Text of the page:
San Benedetto Po
MUNICIPALITY OF S. Benedetto Po
mt. 18 a.s.l.
7700 (39 in the borgo)
San Benedetto, July 11th
IAT Office Oltrepo Mantovano, Ph. 0376 623036
The borgo was one named San Benedetto in Polirone; the origin of the name is linked to the Benedictine monastery founded by Tedaldo Canossa (1007) on the island that stood between the Po river and the Lirone river; the Monastery was the centre of the borgo’s life until 1797, when Napoleon Bonaparte decreed the dissolution of the religious order.
San Benedetto Po is a place which is difficult to forget, entering the monastery, which still preserves the hinges of the ancient portal, you are in the main square of the borgo, that has preserved the same size since the Middle Ages.
The abbey church welcomes visitors with its grandeur; this can be seen in the architecture by Giulio Romano and represents a compendium of the highlights of the history and civilization of Polirone.
Between 1540 and 1545 Giulio Romano rebuilt without tearing down the ancient Romanesque and Gothic structures, by adopting new solutions in order to maintain different architectural styles. The ambulatory and the walled up columns are in Romanesque style, while the lantern is Gothic.
Antonio Begarelli, an artist from Modena described by Vasari as “the Michelangelo of pottery”, between 1542 and 1559 created thirty-two statues of saints that adorn the aisles and decorate the entrances of the side chapels.
The vestry was restored and furnished with the carved cabinets (1561 – 1563) by Giovanni Maria Piantavigna. Between the transept and the sacristy is the tomb of Matilda of Canossa, an alabaster sarcophagus supported by four red marble lions. Matilda’s body is no longer in this place from 1633, when she was transferred to San Pietro in Rome.
Inside the church there is the Oratory of Santa Maria (XI – XII century), preceding the death of the Countess Matilda, and then adapted to the main church at the time of its rebuilding (1130), according to the outline of the oratory of Santa Maria di Cluny. It is thought that here was originally buried the Countess Matilda, in an urn buried near the main altar in correspondence of a large mosaic representing the four cardinal virtues. The visit to the buildings of the monastic complex continues in the cloister of the seculars, which was the place where pilgrims, visitors and foreigners in general who arrived at the monastery of Polirone were given hospitality.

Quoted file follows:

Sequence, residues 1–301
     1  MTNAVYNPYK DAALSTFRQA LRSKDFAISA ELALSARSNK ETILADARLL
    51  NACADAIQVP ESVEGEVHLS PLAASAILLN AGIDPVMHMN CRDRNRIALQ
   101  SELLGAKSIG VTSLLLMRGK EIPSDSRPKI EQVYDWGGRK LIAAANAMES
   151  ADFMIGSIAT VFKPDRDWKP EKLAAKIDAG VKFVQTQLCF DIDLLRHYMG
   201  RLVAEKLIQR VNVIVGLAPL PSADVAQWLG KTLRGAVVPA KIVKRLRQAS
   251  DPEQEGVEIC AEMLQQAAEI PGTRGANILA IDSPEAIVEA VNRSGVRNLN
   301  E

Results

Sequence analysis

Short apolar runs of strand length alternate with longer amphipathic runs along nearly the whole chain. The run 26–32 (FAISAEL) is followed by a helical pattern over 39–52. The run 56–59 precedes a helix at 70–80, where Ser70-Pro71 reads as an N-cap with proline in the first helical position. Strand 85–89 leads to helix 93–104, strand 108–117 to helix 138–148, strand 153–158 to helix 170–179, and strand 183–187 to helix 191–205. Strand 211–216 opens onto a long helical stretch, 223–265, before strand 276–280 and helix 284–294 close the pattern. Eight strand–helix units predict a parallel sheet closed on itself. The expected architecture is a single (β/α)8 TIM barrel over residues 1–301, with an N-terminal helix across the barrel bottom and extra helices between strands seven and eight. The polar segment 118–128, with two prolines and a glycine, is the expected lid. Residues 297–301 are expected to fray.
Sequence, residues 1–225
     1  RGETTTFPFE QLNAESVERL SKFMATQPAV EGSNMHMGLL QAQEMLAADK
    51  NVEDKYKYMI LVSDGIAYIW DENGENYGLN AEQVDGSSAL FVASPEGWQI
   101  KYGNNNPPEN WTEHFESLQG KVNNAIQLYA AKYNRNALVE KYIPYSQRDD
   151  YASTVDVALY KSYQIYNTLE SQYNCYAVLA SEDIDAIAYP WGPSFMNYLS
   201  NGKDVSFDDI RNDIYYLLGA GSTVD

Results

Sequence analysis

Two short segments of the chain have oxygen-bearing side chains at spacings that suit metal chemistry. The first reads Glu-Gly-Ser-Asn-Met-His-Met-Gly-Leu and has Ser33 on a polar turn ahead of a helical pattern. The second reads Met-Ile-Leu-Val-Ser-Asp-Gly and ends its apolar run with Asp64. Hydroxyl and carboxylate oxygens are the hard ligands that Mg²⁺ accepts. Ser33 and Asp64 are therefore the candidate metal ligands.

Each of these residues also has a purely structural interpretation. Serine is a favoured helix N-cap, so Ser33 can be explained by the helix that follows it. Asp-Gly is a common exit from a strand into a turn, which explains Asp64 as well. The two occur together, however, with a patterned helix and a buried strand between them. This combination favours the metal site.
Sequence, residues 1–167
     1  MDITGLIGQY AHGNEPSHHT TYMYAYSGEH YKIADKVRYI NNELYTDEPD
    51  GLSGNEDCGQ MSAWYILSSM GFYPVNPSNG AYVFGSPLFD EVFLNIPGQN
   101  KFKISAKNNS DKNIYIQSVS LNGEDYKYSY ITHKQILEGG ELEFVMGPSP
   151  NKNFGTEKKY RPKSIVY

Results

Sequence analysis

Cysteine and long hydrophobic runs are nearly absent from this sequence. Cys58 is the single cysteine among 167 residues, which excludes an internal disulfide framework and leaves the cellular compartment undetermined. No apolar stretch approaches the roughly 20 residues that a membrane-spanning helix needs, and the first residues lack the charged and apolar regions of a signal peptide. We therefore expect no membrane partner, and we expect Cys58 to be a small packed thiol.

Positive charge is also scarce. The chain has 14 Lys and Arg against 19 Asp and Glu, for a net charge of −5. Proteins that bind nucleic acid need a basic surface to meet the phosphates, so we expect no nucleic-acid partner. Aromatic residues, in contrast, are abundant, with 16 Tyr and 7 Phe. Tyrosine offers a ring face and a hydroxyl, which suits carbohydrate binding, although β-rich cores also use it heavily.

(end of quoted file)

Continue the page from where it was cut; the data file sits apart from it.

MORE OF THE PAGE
At least three different phases can be identified in the building of the cloister: the first one prior to the fifteenth century, one dating back to the 1475 and the other one that may be dated from the 1674, when the staircase was build. The ground floor of the eastern and southern sides was to lodge pilgrims and the poor, while guests were accommodated at the upper floor.
The scenic staircase by Giovan Battista Barberini (XVII century) leads to the Museum Polironiano.
The Museum of Popular Culture in San Benedetto Po, one of the largest ethnographic museums of Italy, was founded in 1977. With over 10,000 objects this museum represents an important historical document related to the most recent past, preserving a great heritage of folk tradition and cultural identity of the southern Po. The main collections concern the artisan work, with particular attention to the crafts, art, popular devotion and trades related to the river Po. A special mention deserves the precious collections of puppets and marionettes, as well as the original painted scenery of the funds Besutti and Zaffardi.
A particularly impressive place is the cloister of San Simeone in late Gothic style that dates back to the period between 1458 and 1480; frescoes with the Stories of San Simeone, of the same age, are in the lunettes of the cloister and are attributable to the painters of the Flemish school.
The third cloister, dedicated to S. Benedetetto, at the side of the basilica, was rebuilt around the 1450 during a general architectural renovation of Polirone, supported by the “commendatore” Guido Gonzaga. The south side was absorbed into the basilica by Giulio Romano for rebuilding the chapel on the left side.
The refectory of the monastery that faces Piazza Matilde di Canossa was built as a separate building in 1478: a hall with four spans covered later with cross vaults.
Gregorio Cortese (a humanist and jurist of Modena, who had professed in Polirone in 1508) decided to decorate the entire west wall (1510), and called for this two artists: Girolamo Bonsignori from Verona who painted a “Ultima Cena” on a canvas stuck on the wall (now in the Municipal Museum of Badia Polesine – Rovigo), and the young Antonio Allegri, known as Correggio, who frescoed the painted architecture in which the paintings representing the Last Supper were imagined to be placed (1513 – 1514).
Positioned perpendicularly to the Refectory is the so called “new” Infirmary, began during the XVI century and ended, building the upper floor, only during the eighteenth century: this presents a large rococo hallway with the apartments on the sides. This building was the west side of the fourth cloister (of which today lack both sides). The infirmary was in the east side of the cloister of San Simeone until the 1584, when was arranged in building with three naves.
“Lambrusco Mantovano” wine, Parmigiano Reggiano cheese and the products of pork butchery are gastronomic specialities of this area
The typical product of the borgo is the cake of noodles that you can buy at bakeries and pastry shops.
Ristorante Vecchio Cornione
Pizzeria, tigelleria con gnocco e pesci d’acqua dolce.
Strada Argine Nord, 75
+39 0376 612121